Controversial law easing privatization of water systems hits a snag
By Ted Gregory, Chicago Tribune. November 15, 2018
The controversial effort to make it easier for private companies to take over public water systems, which Gov. Bruce Rauner signed into law about three months ago, was thrown into doubt on Thursday.
It came down to a missed deadline.
In August, Rauner signed an amendment extending a 2013 law that allows private companies such as Illinois American Water and Aqua Illinois to buy water utilities and spread the costs across their existing ratepayers. The amendment to the Illinois Water Systems Viability Act removed a limit on the size of water systems that private companies can buy and extended the act for another 10 years.
But the original act’s expiration date was June 1 of this year, two months before Rauner signed the amendment. That missed deadline led supporters back to the floor of the statehouse on Thursday to change the date of the law’s expiration to Aug. 9.
When several legislators critical of the law and the amendments spoke against both, the bill was pulled. It may be called again in the legislature’s second veto session later this month in Springfield. If the issue remains unsettled after that, it might have to make its way through a new governor and lawmakers.
Originally pitched as an option for municipalities struggling with the high costs of maintaining water systems, the act drew criticism over fears that a private entity controls a basic human necessity. Rates sometimes rise significantly when a private company takes over a public system. Also, residents lament that they have no recourse.
“It seems like every time the bill comes up, more people are speaking out against it,” said state Rep. John Connor, a Joliet Democrat who was among those opposing it on Thursday. About 23,000 of his constituents are Illinois American Water customers and many say they oppose giving more power to the private water company, Connor said.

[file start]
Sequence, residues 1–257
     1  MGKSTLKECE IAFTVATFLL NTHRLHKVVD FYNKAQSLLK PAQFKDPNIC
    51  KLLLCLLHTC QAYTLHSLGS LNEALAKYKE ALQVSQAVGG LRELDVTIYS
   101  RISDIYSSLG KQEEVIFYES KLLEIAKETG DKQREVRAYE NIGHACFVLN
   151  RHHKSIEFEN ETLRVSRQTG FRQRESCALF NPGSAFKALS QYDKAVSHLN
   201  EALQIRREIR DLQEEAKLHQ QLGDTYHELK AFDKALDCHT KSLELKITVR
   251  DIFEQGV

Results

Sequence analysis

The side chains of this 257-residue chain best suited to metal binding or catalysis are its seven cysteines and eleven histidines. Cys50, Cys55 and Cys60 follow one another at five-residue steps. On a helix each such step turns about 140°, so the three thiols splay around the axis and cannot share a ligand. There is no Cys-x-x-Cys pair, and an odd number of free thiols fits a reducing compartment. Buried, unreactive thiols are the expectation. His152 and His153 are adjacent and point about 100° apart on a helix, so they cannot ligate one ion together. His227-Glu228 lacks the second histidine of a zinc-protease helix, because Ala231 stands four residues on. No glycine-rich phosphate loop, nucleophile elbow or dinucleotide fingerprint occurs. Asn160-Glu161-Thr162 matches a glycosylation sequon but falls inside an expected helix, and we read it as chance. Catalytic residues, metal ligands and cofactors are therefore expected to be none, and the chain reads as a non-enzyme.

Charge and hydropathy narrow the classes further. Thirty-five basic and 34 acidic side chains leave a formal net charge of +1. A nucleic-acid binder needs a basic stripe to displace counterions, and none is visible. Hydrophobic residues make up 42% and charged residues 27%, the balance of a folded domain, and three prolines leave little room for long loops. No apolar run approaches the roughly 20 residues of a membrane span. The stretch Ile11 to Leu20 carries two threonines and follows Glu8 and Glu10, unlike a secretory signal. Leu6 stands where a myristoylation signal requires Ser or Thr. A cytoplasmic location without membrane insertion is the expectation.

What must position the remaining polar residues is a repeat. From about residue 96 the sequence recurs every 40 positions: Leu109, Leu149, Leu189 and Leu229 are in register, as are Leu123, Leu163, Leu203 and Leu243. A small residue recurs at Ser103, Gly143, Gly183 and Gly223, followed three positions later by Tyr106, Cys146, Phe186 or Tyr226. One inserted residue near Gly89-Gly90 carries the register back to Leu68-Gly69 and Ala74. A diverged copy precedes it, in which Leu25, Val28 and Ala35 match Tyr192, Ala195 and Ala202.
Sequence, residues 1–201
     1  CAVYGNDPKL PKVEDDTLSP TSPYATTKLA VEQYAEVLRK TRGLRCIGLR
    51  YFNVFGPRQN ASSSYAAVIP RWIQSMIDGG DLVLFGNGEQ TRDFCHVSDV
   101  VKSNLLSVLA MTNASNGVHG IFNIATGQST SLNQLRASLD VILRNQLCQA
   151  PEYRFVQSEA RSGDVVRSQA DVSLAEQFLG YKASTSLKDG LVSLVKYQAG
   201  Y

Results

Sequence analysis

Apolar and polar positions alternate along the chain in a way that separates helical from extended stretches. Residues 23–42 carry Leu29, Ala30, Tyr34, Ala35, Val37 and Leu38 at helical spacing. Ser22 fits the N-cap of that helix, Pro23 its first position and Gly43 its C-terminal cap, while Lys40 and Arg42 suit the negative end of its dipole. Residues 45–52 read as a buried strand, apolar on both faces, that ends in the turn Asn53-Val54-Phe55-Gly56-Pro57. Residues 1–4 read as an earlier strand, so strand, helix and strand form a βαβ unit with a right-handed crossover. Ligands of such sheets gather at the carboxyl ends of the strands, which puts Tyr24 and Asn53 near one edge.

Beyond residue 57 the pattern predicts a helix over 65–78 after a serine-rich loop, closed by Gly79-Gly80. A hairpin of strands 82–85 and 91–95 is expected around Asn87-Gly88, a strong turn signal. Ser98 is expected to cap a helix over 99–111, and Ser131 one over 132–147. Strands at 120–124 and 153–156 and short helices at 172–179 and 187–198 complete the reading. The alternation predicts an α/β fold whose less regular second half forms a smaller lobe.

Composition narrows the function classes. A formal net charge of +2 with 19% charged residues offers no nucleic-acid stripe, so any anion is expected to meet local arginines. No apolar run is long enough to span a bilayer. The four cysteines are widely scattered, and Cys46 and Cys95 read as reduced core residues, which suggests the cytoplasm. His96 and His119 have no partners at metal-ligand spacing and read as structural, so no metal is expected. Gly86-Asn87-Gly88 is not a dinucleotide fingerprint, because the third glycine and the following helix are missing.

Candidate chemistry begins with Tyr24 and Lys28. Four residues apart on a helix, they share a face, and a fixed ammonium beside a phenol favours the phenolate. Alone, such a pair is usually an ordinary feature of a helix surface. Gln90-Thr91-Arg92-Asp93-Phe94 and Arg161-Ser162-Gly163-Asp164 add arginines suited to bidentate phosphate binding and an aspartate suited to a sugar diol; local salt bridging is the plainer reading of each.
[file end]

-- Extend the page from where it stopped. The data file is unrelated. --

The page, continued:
Illinois American Water spokesman Terry Mackin said the legislature’s intent was to extend and expand the original act.
“Utilizing this program is entirely a community’s choice,” Mackin said in an email Thursday. “A community’s leaders decide whether it wants to sell its water or wastewater assets to a private company.”
The legislation limits rate increases to 2.5 percent per acquisition of a water system, Mackin added. A total of seven Illinois communities have sold their water systems to a private water company since the 2013 law, he said, adding that rates dropped in three communities and were unchanged in another.
“It saved one small town’s (Ransom) residents from being provided heavily contaminated drinking water,” Mackin said.
State Rep. Margo McDermed, a Frankfort Republican who also is critical of the act, said she believes all sides will reach an agreement on the legislation. That agreement, she said, might include a requirement calling for a referendum before a community sells its water system.
“Complying with all the environmental laws is a lot for many municipalities to take on,” she said. “And, it’s expensive” to maintain a water system. “Outsourcing might be the right solution. But let’s all understand the consequences of that decision.”
Read the full Chicago Tribune story here.